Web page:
West of Times Square is a neighbourhood once renowned for sex, violence and extortion. While gentrification has filed off its jagged edges, Hell’s Kitchen feels grittier and closer to real life than elsewhere in Manhattan.
Between 8th Avenue and the Hudson River, from 34th Street in the south to 59th Street in the north, the city’s signature towers of glass and steel are only beginning to creep into the skyline, and shuffling queues of shutter-happy tourists and mile-wide billboards rarely choke the thoroughfares.
A Bloody Birth
The first to settle this stretch of Manhattan’s shoreline were Irish and German immigrants in the 19th century, working on the Hudson River docks, in local slaughterhouses and factories. These streets were the brawn of Manhattan; gangs swaggered through the slums and brawling was commonplace. The origins of the name “Hell’s Kitchen” are lost to time; some point to a violent hostel in the area, long since gone.
When alcohol was barred by Prohibition in the 1920s, the street gangs evolved into organised crime rackets with interests in everything from gambling and extortion to prostitution. An influx of Puerto Rican immigrants in the 1950s brought about the return of the gang violence as romanticised in West Side Story.
There’s little left to hint at this neighbourhood’s tawdry and violent past. The eastern boundary of Hell’s Kitchen at 8th Avenue remains a seedy and intimidating stretch, littered with sex shops and strip bars – once a halfway house between the working class and poor to the west and the porn-peddling theatres of Times Square to the east.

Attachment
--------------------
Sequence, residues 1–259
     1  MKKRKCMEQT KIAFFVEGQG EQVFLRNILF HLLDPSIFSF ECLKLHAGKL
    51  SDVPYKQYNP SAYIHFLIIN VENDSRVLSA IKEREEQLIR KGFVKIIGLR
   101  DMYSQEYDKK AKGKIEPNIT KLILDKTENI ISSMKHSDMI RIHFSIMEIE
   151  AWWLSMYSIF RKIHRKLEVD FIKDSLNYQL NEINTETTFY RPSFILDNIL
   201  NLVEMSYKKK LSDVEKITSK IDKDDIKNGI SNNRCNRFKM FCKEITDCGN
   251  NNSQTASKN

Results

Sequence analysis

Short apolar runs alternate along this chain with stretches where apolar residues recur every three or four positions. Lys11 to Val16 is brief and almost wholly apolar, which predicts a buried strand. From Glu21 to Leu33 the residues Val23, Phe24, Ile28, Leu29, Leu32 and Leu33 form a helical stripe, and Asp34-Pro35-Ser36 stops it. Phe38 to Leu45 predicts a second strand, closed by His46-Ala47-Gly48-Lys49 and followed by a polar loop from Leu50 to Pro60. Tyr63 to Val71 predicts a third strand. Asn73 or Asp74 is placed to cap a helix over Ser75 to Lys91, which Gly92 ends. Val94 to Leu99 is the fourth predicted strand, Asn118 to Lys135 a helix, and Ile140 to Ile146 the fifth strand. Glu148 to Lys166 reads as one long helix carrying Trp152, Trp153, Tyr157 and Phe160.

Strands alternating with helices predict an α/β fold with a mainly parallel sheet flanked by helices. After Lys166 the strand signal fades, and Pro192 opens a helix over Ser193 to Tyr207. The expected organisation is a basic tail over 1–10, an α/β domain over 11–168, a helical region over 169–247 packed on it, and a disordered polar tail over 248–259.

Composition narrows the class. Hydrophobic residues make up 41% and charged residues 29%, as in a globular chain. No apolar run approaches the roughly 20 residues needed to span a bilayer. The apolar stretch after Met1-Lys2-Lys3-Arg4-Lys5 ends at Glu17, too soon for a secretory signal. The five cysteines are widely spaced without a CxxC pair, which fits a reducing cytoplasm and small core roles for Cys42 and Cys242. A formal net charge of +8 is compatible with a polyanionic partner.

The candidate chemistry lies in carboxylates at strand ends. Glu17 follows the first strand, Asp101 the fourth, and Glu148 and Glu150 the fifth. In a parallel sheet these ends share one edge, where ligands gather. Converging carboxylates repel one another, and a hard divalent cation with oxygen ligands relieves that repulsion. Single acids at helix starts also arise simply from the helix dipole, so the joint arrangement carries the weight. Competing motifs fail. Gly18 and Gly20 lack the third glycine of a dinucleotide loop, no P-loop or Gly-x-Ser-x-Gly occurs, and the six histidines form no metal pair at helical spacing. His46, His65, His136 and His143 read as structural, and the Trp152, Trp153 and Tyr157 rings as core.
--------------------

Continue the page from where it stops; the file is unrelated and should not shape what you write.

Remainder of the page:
Here and Now
Hell’s Kitchen of the 21st Century is a vibrant, up and coming district of the city. The leisurely menu of restaurants and bars on 9th Avenue give the locale a similar vibe to the East Village and the Upper West Side, artistic and creative, more subdued, less rush. The residential streets connecting 9th and 10th Avenues are still spacious and airy; several blocks were protected by preservation orders in the 1970s that limited building height, although the relaxation of regulations in recent years has seen modern condominiums encroach on the low-rise skyline.
More recently, development of derelict sites in the neighbourhood has accelerated at a frightening pace. On 10th and 11th Avenue the streets are awash with cranes and concrete and hods of fluorescent labourers drinking Schnapple on the sidewalks. While some residents lament the further loss of New York’s heritage, others are relieved that after years of neglect the area is finally receiving attention from business and developers.
There are still signposts to the past visible across the west side of Manhattan. The Landmark Tavern on the corner of 46th Street and 11th Avenue stood on the shores of the Hudson River during the 19th Century, serving gangs of burly Irish dockworkers. Although the bar is now several hundred yards from the river (landfill from construction has been used to extend the island’s coastline over the decades) it’s appearance has changed little, save for the occasional plasma screen.
While every New Yorker knows where Hell’s Kitchen is, don’t expect to find its location in print. The yellow-bordered map in the back of cabs refers to the area as Clinton while the MTA Subway map refuses to name it. Developers and City Hall have pushed for a more sellable designation since the 1950s, and although it’ll always be known to those in the neighbourhood as the devilish Hell’s Kitchen.